I have to go through and re-do all the international (mostly Japanese) configuration again, because I'm on a new version of KDE now. I'll probably also upgrade KDE to the latest and greatest, because the one that came with Slackware has annoying bugs like not being able to adjust the size of the icons in the panel. And of course, I have to re-install I Hate the Cashew!. I have mixed feelings about KDE4 in general. It seems like there are an awful lot of new annoyances like the cashew, this icon business, the huge-ass tooltips, the impossibility of manually hiding the panel, and the forced adoption of this "Semantic Desktop" bullshit. I also don't like the KDE developers' attitude, which seems to be new with version 4, that of course all users want a dumbed-down interface with exactly the configuration the developers like best for themselves, and users should not even be given the option for anything else. You should have seen what KDE4 tried to do to my laptop's UI!
And I really, really hate the general assumption that it's okay for mouse cursor position to be significant without a click. That is never okay. Nothing should ever pop up because I moved the mouse, except maybefor very small, unintrusive tooltips; no menu should ever go away because I moved the mouse off of it; focus should never be selected by mouse position alone; the corners of the screen should not be "active". KDE offers a special utility to make it so that if you stop moving the mouse for a certain length of time, it will automatically click. Putting that on the "accessibility" menu is a sick joke. It's a simple, basic, easy rule that the mouse does not exist when I don't press the button. Why is this so hard for developers to wrap their heads around? I am talking about the standard PC/Mac-derived user interface I'm using, to which "mouse position is significant" is a foreign, inconsistent, and extremely unwelcome recent addition. I'm aware that other user interface paradigms exist, including the very old X Window System tradition; but I don't think that's where these annoyances descend from. Maybe it comes from people who don't actually type on their computers, and so they think that they can move the mouse where they want it, then move their hands to the keyboard and use that, while leaving the mouse where it is and having it stay there. My reflex is to shove the mouse out of the way when I'm going to type - I do that, without thinking, easily a couple hundred times every day - and the "mouse position is significant" assumption means I end up cursing frequently, because now shoving the mouse out of the way breaks everything. Maybe these people, in turn, don't type because they've stopped using command lines. Just a guess.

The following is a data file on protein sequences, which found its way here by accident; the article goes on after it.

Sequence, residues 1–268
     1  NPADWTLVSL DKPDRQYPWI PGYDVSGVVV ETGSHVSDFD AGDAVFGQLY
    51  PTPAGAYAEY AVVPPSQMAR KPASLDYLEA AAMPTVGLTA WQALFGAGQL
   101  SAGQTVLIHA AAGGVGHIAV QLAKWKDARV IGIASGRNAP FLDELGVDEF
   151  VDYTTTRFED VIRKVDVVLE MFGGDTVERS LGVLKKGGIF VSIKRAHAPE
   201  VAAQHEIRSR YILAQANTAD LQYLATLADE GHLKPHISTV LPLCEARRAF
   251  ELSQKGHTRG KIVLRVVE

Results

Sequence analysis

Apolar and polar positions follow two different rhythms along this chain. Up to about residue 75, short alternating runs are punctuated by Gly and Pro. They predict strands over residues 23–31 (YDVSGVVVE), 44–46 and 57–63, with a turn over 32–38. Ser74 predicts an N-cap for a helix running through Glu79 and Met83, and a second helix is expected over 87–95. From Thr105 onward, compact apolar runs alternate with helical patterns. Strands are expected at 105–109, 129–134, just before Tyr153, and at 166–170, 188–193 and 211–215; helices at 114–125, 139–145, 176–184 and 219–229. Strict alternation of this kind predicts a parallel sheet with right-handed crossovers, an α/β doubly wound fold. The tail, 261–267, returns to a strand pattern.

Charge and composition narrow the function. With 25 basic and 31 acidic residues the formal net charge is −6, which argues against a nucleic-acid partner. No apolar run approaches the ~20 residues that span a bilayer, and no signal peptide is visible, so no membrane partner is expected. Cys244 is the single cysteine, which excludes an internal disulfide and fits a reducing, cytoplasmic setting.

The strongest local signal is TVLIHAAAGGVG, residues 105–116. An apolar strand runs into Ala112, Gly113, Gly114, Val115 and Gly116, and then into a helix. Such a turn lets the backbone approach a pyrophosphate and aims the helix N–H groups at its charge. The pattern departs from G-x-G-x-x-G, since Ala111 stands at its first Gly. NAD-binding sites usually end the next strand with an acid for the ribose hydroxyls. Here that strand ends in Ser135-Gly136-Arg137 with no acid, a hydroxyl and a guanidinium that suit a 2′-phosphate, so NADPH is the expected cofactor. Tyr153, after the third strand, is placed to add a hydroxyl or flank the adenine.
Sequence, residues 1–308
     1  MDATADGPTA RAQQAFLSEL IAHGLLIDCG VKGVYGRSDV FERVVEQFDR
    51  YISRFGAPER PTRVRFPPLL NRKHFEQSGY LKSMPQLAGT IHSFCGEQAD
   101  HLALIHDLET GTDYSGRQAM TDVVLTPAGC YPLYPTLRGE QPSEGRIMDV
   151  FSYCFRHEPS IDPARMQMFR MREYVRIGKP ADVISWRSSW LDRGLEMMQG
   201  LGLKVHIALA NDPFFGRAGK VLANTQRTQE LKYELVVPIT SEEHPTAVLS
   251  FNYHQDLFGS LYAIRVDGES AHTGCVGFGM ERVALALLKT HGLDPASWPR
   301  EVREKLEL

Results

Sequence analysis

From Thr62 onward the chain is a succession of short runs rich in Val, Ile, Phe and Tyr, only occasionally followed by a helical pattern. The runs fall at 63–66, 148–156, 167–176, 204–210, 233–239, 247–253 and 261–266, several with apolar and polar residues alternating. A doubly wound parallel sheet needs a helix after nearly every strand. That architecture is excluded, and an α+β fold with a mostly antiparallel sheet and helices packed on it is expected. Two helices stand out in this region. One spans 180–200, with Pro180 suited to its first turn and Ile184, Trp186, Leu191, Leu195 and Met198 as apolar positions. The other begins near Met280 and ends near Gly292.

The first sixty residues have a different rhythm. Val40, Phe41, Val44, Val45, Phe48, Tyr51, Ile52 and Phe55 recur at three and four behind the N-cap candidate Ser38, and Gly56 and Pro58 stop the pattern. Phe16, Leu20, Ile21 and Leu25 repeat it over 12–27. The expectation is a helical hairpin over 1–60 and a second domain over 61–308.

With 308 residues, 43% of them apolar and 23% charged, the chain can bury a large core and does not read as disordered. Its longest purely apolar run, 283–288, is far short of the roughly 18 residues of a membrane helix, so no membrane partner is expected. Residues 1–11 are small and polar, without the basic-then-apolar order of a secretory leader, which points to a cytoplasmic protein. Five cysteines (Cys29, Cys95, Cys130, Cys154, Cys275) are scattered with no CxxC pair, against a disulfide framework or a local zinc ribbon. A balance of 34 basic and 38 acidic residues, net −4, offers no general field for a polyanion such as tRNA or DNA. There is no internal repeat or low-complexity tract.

Unfortunately, enough applications I want to run require KDE version 4, that I don't think it's tenable to just stay on KDE3. And if I'm to use KDE4 and have a reasonable chance of fixing the worst brain damage, that means I have to be running the latest and greatest version, which is the only one for which patches and support are available.